International Women’s Day: Inspiring Women #1

People are tweeting lists of inspiring women for International Women’s Day:


I think this is a really awesome idea, but it seemed like it would be even better to write something with room to explain why these women are inspiring and important – to let them be more than just names, passed around only by women who already know who these women are. This is especially important for those women who have not made it into our history lessons (which is many of the women who have been amazing and important throughout history). So, today I’m going to write just a little bit about some of the women who have inspired awe and hope in my heart.

I’m working today, so I’m going to be doing a series of posts, rather than one big one, throughout the day.

Let’s start back – way back.

Hatshepsut – Pharaoh of Egypt

A statue of HatshepsutHatshepsut (1508–1458 BC), whose name means ‘Foremost of Noble Ladies’, was Great Wife to Thutmose II, and regent to Thutmose III, but she was not content with that. She declared herself pharaoh – king.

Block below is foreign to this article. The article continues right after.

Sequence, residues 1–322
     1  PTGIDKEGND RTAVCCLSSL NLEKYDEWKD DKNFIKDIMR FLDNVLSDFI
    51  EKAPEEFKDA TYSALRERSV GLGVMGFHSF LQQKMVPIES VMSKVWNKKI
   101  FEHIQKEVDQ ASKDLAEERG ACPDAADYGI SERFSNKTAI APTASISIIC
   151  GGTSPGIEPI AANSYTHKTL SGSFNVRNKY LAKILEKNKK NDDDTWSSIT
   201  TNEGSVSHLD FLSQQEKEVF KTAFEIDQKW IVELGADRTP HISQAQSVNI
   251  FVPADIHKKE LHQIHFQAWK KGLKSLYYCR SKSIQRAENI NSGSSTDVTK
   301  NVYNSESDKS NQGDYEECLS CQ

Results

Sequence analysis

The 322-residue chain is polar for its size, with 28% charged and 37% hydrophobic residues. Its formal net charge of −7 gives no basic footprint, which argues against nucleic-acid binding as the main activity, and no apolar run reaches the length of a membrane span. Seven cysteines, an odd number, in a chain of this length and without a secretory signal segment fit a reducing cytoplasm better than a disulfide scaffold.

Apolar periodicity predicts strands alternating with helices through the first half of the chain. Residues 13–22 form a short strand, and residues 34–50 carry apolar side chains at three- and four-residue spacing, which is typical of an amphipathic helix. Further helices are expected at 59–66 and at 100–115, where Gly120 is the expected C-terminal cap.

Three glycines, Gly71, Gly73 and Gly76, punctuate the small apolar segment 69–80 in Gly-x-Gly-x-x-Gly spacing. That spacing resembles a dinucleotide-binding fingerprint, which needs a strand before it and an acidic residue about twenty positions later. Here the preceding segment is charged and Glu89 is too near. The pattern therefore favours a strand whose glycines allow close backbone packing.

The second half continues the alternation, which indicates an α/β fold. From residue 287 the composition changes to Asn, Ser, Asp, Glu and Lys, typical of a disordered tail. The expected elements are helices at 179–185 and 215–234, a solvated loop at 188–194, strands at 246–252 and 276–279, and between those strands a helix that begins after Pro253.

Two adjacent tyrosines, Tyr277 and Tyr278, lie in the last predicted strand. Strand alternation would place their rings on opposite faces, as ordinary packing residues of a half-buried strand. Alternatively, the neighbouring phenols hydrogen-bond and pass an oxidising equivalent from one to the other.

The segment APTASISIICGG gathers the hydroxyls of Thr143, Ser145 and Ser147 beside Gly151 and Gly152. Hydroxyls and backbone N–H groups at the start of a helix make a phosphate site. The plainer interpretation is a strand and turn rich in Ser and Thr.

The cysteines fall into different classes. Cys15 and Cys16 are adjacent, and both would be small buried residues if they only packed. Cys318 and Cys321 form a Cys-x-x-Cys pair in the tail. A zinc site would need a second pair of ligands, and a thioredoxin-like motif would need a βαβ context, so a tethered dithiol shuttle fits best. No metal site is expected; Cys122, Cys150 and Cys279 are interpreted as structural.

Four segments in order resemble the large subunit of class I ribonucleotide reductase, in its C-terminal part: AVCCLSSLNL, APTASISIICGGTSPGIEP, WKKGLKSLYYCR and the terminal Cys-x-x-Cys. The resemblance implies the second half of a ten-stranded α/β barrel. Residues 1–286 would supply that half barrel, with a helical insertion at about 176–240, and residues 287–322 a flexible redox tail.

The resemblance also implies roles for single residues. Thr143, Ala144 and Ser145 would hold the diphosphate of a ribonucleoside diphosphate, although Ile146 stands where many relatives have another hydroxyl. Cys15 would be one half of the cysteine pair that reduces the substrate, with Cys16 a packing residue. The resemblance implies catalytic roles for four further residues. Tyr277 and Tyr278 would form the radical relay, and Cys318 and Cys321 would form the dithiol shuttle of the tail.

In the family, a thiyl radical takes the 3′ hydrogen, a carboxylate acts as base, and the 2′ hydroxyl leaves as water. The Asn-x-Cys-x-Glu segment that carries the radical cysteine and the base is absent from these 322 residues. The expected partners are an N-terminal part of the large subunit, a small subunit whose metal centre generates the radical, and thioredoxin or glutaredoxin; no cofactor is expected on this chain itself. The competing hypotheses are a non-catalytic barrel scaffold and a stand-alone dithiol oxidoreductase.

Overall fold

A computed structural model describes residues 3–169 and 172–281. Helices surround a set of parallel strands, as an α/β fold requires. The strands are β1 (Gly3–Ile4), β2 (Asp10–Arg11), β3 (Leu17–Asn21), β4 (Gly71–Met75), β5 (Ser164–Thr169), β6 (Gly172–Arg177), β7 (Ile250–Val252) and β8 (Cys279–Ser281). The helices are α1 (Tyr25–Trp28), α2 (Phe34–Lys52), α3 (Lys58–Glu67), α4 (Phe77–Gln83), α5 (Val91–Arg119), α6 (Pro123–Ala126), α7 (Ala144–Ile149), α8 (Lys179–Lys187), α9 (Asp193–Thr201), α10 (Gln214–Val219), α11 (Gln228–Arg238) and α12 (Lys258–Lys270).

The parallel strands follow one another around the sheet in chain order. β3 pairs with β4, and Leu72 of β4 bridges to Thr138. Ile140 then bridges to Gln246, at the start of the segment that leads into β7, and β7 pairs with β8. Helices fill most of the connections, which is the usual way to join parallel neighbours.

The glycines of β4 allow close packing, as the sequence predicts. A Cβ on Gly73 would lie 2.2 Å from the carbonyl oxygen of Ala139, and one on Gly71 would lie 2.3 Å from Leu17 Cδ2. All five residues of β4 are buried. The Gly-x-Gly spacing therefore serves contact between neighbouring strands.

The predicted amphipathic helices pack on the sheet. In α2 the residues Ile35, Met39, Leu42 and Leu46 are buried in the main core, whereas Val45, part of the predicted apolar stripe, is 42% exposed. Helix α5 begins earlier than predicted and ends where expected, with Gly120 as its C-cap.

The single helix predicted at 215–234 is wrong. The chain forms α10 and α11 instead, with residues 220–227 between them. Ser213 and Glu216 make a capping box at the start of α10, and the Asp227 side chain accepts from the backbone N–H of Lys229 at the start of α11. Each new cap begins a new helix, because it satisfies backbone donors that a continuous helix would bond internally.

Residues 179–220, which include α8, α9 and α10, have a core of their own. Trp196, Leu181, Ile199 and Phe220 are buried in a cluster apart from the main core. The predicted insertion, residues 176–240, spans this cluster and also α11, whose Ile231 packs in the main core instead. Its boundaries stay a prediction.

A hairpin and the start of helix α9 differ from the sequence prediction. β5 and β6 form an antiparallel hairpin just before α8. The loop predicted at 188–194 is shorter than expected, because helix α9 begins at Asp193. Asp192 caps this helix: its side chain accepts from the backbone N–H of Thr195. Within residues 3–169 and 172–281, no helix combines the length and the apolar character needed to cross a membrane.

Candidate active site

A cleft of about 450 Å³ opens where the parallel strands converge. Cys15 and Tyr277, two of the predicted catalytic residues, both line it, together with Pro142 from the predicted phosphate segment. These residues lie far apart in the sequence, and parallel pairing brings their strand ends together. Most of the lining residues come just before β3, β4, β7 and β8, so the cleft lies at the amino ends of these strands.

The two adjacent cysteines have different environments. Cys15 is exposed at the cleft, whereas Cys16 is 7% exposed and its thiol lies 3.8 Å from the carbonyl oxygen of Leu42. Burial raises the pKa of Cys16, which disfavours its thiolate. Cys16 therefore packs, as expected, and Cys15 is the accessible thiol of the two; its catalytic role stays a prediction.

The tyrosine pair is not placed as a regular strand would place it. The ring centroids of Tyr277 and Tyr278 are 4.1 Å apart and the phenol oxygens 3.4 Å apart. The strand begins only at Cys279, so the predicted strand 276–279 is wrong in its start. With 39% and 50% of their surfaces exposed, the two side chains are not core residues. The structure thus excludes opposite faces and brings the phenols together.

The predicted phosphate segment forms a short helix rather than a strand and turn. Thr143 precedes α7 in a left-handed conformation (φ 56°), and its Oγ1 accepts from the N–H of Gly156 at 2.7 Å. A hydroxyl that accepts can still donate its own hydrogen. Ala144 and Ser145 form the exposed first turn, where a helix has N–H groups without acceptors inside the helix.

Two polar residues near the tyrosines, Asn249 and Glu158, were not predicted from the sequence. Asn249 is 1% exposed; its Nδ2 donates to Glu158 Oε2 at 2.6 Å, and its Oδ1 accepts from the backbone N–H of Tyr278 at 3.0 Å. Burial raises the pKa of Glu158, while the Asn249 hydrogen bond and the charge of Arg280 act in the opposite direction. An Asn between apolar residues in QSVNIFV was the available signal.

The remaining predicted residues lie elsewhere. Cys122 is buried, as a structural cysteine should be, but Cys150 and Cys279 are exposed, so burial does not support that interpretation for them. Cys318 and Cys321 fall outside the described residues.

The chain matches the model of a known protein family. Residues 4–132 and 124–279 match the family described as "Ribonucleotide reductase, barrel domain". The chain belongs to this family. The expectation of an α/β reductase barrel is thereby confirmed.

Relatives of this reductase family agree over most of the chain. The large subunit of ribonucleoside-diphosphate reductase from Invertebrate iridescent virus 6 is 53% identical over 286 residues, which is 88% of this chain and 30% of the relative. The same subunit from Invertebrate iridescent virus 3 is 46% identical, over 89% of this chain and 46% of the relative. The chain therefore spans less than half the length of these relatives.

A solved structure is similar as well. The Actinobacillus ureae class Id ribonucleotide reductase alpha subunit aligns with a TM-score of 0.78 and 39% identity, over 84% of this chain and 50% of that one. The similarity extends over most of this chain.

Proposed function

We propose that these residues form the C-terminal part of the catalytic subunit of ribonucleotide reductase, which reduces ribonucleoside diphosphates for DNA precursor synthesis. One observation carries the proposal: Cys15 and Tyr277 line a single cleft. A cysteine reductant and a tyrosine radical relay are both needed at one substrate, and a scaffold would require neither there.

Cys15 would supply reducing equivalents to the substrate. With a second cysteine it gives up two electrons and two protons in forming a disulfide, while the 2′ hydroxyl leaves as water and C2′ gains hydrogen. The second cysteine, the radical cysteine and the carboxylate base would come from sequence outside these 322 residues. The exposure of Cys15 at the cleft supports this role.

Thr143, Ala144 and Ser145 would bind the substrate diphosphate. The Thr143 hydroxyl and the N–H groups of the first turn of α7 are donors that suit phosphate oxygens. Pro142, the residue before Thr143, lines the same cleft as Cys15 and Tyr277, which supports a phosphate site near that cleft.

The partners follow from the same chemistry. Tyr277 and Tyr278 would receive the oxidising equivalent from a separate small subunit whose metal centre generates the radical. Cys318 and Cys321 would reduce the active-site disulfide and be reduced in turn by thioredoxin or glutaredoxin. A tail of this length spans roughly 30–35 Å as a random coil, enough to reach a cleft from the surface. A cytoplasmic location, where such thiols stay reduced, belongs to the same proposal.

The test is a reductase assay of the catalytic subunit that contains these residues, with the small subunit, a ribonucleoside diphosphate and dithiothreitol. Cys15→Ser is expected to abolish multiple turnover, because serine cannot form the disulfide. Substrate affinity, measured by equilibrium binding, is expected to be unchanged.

Egypt prospered under her rule, and she erected many of Egypt’s most awe-inspiring monuments, including four obelisks, the Chapelle Rouge, and her stunning mortuary temple at Deir el-Bahari. For a woman to seize power like this was unprecedented, and for millenia, her achievements were forgotten. Late in Thutmose III’s reign, the project of covering up her entire existence began. Her name was removed from her monuments. Her achievements were attributed to others. Her statues were disfigured and in some cases destroyed. But she existed. She ruled, and ruled well, and she was not content to be Great Wife or step-mother to a king. Ancient Eqypt had no word for a female ruler, so she called herself Pharaoh and insisted she be treated as King.

And millenia later we have found her hidden cartouches, we know once more to whom belonged some of Egypt’s most impressive treasures, and history remembers her again.